Wednesday, April 13, 2016

Sicilian Sveshnikov Result Oriented

You know how it goes. When we win a game, we think, "Wow. That's a great opening!" When we lose, that variation was to blame. Our result oriented approach colors our evaluations of chess openings.

Early on, I liked the unbalanced 5...e5 Sveshnikov Variation. I played two games from each side. White won all four games. That streak ended in 1980. That year I played six Sveshnikov games: two draws and four Black wins!

After 6.Nbd5 d6, White chooses 7.Bg5 most of the time. In 1979 I faced 7.Nd5. William O'Neal outplayed me and I lost as Black. Thus I decided to try 7.Nd5 one time as White. The next chance was when James Marfia played a Sicilian Defence. Jim chose the more popular 8...Nb8, while I had opted for 8...Ne7 vs O'Neal. Both lines are okay.

Jim Marfia and I were rated about the same in APCT. Here I got a passed pawn on d6, while he pinned my king to an uncomfortable position on h1. With bishops of opposite colors in a rook endgame, we agreed to a draw. Nowadays I prefer the main line 7.Bg5.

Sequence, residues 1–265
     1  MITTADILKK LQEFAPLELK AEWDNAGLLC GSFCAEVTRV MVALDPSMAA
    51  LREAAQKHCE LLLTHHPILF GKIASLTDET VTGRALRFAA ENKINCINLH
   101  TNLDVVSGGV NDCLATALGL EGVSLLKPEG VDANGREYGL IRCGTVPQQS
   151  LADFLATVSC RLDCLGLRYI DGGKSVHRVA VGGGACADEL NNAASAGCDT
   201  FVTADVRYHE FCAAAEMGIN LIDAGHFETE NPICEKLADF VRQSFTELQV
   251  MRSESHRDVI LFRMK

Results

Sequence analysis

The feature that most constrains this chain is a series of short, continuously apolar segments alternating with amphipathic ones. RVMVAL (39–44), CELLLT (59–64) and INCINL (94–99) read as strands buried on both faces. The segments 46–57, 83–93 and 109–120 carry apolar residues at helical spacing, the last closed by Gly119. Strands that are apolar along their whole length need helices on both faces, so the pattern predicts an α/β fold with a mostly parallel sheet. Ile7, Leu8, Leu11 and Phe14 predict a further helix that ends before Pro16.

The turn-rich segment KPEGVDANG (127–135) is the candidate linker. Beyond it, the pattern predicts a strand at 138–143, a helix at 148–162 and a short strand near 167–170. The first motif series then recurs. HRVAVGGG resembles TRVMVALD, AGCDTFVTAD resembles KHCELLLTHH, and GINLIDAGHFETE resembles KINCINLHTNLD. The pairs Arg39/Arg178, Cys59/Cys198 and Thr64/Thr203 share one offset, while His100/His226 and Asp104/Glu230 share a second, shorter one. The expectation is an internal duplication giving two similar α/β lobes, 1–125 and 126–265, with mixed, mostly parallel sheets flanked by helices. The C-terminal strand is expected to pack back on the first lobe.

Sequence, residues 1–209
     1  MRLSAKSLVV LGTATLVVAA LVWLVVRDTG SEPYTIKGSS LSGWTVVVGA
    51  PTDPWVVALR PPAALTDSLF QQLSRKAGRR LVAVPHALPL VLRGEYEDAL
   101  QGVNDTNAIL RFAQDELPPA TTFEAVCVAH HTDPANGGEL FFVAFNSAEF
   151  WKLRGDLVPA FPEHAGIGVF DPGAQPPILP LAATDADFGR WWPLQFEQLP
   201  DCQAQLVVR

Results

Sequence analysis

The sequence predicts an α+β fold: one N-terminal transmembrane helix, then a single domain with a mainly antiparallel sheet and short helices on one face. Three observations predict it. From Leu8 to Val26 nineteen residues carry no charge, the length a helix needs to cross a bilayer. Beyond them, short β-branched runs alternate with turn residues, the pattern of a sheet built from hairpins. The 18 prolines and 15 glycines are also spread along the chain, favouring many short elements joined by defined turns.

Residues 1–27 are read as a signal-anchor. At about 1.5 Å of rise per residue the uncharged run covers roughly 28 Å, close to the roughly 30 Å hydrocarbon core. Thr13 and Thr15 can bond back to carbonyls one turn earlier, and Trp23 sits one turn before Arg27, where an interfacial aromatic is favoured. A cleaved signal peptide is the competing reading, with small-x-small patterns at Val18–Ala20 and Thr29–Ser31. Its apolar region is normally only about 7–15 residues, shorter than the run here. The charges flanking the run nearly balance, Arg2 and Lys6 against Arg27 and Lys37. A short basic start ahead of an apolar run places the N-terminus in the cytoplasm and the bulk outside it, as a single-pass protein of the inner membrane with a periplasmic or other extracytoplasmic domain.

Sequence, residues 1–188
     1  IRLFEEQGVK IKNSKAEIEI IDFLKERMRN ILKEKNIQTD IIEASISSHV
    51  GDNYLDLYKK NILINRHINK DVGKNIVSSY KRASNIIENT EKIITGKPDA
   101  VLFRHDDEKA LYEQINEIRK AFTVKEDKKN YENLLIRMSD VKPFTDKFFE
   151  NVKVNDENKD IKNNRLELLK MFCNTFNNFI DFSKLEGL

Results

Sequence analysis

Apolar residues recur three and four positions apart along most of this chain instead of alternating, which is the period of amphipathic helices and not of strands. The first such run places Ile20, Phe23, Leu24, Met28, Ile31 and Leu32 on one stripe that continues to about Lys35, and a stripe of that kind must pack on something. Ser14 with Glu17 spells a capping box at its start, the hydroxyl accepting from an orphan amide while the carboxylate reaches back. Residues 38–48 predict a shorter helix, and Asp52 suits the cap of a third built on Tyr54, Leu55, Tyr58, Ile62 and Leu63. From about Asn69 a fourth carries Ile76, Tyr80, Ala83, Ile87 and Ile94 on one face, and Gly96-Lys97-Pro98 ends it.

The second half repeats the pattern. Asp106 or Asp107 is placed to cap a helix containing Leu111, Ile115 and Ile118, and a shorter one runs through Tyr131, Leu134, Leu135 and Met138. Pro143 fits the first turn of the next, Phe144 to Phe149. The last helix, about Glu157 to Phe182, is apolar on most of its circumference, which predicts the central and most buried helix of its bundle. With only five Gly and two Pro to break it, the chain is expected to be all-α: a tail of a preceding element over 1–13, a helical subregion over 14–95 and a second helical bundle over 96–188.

My Chess Training Repertoire this Thursday covers the Sicilian Defence. Sign up if you want to receive it by email.

Sawyer (2050) - Marfia (2050), corr APCT 1980 begins 1.e4 c5 2.Nf3 Nc6 3.d4 cxd4 4.Nxd4 Nf6 5.Nc3 e5 6.Ndb5 d6 7.Nd5 [7.Bg5 a6 8.Na3 b5=] 7...Nxd5 8.exd5 Nb8 [8...Ne7=] 9.c4 Be7 10.Bd3 0-0 11.0-0 f5 [11...a6=] 12.c5 a6 13.cxd6 Bxd6 14.Nxd6 Qxd6 15.Qc2 e4 [15...Kh8=] 16.Be2 Nd7 17.f3 [17.Rd1+/=] 17...exf3 18.Bxf3 Ne5 19.Qb3 Nxf3+ 20.Rxf3 f4 21.Bd2 Bg4 22.Rf2 Rf7 23.Raf1 f3 24.gxf3 Bh3 25.Re1 Rd8 26.Bb4 [26.f4+/=] 26...Qg6+ [26...Qb6!=] 27.Kh1 Rf5 28.d6+ Kh8 29.Qe6?! [Now the position is equal. White still could have kept some advantage with 29.Qe3!+/-] 29...Qxe6 30.Rxe6 Rb5 1/2-1/2

You may also like: King Pawn (1.e4 e5) and Queen Pawn (1.d4 d5)
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